FRESNO, Calif. (KFSN) -- Valley Children's Healthcare has seen an increase in pediatric hearing loss.
New research shows more than one billion kids and teens are at risk of hearing loss due to unsafe listening practices.
According to a Valley audiologist, sound is measured in decibels. A whisper is 30 decibels, a normal conversation is 60 to 70 and watching a movie at a movie theater is around 85.
"It can get pretty loud," explained Dr. Dan Duran. "So about 85 decibels, you can't be around that for more than a couple of hours."
According to Dr. Duran, 100 decibels becomes unsafe. This is the level of noise heard at a concert, nightclub or school rally.
"After 14 minutes, permanent damage can happen," Dr. Duran said. "Once you get up to 110 decibels, damage can happen in only two minutes."
Valley Children's is seeing more teenagers come in with noise-induced hearing loss.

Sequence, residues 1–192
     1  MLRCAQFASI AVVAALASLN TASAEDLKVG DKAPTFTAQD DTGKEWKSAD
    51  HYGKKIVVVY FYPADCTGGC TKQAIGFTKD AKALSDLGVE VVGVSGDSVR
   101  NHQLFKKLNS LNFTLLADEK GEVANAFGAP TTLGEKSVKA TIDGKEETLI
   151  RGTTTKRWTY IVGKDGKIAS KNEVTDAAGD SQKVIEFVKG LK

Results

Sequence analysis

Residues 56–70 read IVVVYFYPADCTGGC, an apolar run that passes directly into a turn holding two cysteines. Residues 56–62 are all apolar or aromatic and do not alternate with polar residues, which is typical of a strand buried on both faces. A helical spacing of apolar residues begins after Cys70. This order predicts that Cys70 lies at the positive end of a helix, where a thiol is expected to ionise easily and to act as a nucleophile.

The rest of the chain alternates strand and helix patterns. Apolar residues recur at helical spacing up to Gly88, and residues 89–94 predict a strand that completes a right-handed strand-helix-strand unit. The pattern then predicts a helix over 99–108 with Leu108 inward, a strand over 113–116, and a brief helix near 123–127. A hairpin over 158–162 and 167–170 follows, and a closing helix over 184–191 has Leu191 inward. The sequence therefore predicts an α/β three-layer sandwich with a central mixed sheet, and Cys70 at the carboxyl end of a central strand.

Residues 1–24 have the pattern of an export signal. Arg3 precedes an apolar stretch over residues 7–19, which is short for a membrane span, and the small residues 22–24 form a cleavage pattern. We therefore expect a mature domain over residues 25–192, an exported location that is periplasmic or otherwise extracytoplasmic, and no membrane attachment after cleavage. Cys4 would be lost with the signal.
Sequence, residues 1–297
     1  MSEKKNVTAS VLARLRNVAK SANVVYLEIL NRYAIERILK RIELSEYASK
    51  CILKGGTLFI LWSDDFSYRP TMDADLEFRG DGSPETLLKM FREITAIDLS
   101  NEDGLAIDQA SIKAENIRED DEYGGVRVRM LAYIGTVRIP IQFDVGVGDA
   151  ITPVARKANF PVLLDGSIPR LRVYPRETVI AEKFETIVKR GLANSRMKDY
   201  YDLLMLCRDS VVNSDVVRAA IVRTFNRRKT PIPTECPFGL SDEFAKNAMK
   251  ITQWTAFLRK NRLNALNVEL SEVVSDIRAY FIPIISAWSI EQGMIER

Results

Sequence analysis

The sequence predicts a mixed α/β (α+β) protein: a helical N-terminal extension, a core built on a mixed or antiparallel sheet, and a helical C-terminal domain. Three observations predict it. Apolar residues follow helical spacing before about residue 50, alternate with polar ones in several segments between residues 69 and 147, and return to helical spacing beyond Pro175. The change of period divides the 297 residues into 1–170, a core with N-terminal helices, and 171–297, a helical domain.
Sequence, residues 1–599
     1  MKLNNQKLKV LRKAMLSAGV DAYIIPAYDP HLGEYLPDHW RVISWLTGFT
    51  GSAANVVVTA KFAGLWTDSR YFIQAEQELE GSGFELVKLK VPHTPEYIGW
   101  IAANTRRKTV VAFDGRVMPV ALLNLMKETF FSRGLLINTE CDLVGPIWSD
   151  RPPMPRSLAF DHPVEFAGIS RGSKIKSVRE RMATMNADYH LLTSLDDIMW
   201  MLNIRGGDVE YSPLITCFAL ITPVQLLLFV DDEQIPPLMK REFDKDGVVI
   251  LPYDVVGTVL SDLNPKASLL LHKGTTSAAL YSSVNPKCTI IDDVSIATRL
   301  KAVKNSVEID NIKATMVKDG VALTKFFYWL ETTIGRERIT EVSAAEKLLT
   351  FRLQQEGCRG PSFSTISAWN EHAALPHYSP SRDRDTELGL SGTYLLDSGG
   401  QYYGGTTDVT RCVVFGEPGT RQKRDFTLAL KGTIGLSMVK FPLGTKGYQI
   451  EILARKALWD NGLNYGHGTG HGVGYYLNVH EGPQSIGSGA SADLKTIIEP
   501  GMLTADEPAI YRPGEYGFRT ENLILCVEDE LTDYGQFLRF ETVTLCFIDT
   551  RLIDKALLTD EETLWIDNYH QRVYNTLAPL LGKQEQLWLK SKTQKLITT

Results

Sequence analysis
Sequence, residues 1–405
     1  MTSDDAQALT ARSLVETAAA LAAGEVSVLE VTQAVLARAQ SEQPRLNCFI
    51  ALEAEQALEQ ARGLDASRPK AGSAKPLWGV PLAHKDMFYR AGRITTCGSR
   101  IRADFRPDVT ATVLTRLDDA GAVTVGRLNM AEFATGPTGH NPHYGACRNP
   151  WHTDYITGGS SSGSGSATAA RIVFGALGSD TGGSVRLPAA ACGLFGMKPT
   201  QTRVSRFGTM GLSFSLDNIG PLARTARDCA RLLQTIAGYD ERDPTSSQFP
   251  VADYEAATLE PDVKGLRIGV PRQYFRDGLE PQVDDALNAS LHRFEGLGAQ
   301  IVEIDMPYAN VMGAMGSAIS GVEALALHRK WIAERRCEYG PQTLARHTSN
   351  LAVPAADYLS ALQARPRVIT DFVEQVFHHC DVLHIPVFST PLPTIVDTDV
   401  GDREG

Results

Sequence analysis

"They are using devices that are noisier, if they are involved in any sort of like sporting event, even school rallies, but especially cell phones and earbud use because it's increased," Dr. Duran said.
He added that you'll know when you're listening to something too loud because of the ringing in your ear, which is a sign some damage has already occurred.
Noise-induced damage isn't treatable. If it gets worse, a hearing device would be needed.
Dr. Duran said this can be avoided by keeping the volume low on a phone or TV, and not staying too long in noisy places.
Parents and teachers are going to be the first to notice a child struggling to hear.
"They're turning the volume up on things that maybe they hadn't in the past, like the TV or the tablet or the phone. If they're saying 'huh' or 'what' a lot," he said.
If parents have concerns, he recommends talking to a pediatrician and getting a referral to an audiologist.